An electro-chlorinator, also known as an electrolytic chlorinator or electrolytic disinfection system, is a device used in water treatment to generate chlorine on-site by electrolysis. It is commonly use for disinfection purposes in swimming pools, water treatment plants, and various industrial applications.

System Components

The electro-chlorinator consists of an electrolytic cell where the process of electrolysis takes place. The cell typically contains two electrodes, an anode (positive electrode) and a cathode (negative electrode), which are usually made of titanium or other corrosion-resistant materials. The electrodes are separate by a membrane or diaphragm to prevent the mixing of chlorine gas and hydrogen gas, which are produce during the electrolysis process.

Process Description

When a direct electric current is pass through the electrolytic cell, it causes a chemical reaction to occur. Chloride ions (Cl-) naturally present in the water are attracte to the anode, where they undergo oxidation. This results in the production of chlorine gas (Cl2) at the anode. The chlorine gas dissolves in the water, forming hypochlorous acid (HOCl) and hypochlorite ions (OCl-), which are effective disinfectants.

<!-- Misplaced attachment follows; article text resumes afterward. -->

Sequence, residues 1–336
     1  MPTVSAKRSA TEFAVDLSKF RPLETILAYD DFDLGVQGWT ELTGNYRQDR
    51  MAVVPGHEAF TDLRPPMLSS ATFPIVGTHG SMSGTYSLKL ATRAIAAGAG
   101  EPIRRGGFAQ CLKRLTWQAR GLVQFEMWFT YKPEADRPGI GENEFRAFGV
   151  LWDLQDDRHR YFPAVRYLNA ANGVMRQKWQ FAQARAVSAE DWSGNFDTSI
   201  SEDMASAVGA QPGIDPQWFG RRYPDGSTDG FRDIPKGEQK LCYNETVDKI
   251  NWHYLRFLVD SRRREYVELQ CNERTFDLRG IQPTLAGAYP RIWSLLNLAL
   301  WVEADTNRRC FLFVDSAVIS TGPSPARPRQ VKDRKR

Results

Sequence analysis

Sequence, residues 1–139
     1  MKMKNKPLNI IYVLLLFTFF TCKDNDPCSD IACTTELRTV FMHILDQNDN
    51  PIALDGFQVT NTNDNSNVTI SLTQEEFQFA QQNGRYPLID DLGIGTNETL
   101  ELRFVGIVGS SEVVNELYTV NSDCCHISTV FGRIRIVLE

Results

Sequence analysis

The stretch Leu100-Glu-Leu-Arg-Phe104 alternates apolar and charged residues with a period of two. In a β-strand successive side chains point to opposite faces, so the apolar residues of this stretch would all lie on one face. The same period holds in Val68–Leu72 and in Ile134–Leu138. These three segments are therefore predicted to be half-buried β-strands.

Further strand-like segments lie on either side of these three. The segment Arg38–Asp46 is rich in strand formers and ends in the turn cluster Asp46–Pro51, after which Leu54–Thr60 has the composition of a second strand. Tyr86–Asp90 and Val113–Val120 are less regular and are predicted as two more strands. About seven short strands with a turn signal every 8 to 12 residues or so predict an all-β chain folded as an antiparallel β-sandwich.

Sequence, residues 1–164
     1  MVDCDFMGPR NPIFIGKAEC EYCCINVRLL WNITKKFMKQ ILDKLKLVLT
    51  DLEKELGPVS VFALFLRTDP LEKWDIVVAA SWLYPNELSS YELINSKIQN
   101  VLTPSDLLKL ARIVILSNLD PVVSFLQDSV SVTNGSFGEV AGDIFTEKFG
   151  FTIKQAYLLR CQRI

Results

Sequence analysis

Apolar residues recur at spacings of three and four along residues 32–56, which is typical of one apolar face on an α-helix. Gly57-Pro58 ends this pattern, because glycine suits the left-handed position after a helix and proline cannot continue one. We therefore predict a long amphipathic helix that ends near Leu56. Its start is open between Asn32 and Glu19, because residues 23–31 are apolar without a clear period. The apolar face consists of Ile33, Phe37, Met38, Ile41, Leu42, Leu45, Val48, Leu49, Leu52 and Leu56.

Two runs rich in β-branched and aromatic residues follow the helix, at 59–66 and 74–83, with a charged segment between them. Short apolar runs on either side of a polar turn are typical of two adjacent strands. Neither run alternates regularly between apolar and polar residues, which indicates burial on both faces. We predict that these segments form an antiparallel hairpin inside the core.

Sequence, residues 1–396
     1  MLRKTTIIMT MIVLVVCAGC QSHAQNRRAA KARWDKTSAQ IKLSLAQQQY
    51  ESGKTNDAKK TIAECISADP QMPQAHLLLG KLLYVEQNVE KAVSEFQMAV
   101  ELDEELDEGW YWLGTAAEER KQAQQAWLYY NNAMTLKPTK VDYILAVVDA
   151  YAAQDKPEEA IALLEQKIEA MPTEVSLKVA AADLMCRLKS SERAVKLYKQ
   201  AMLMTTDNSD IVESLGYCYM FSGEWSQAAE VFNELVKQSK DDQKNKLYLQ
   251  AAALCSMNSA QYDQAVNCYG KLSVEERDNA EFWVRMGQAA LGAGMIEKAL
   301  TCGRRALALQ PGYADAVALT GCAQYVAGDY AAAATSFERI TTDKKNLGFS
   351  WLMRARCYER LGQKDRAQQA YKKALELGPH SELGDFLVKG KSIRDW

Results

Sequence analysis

Significance & Advantages

The chlorine produced by the electro-chlorinator is used for the disinfection of water, eliminating various microorganisms such as bacteria, viruses, and algae that may be present. It provides a convenient and efficient method of chlorination without the need for handling or storing chlorine compounds, which can be hazardous.

Electro-chlorinators offer several advantages in water treatment. They provide a continuous and control supply of chlorine, allowing for accurate dosing and maintaining a consistent residual disinfectant level in the water. They also eliminate the need for transporting and storing hazardous chemicals, making them a safer and more environmentally friendly option.

Targeted Impurities

  • Pathogens
  • Odor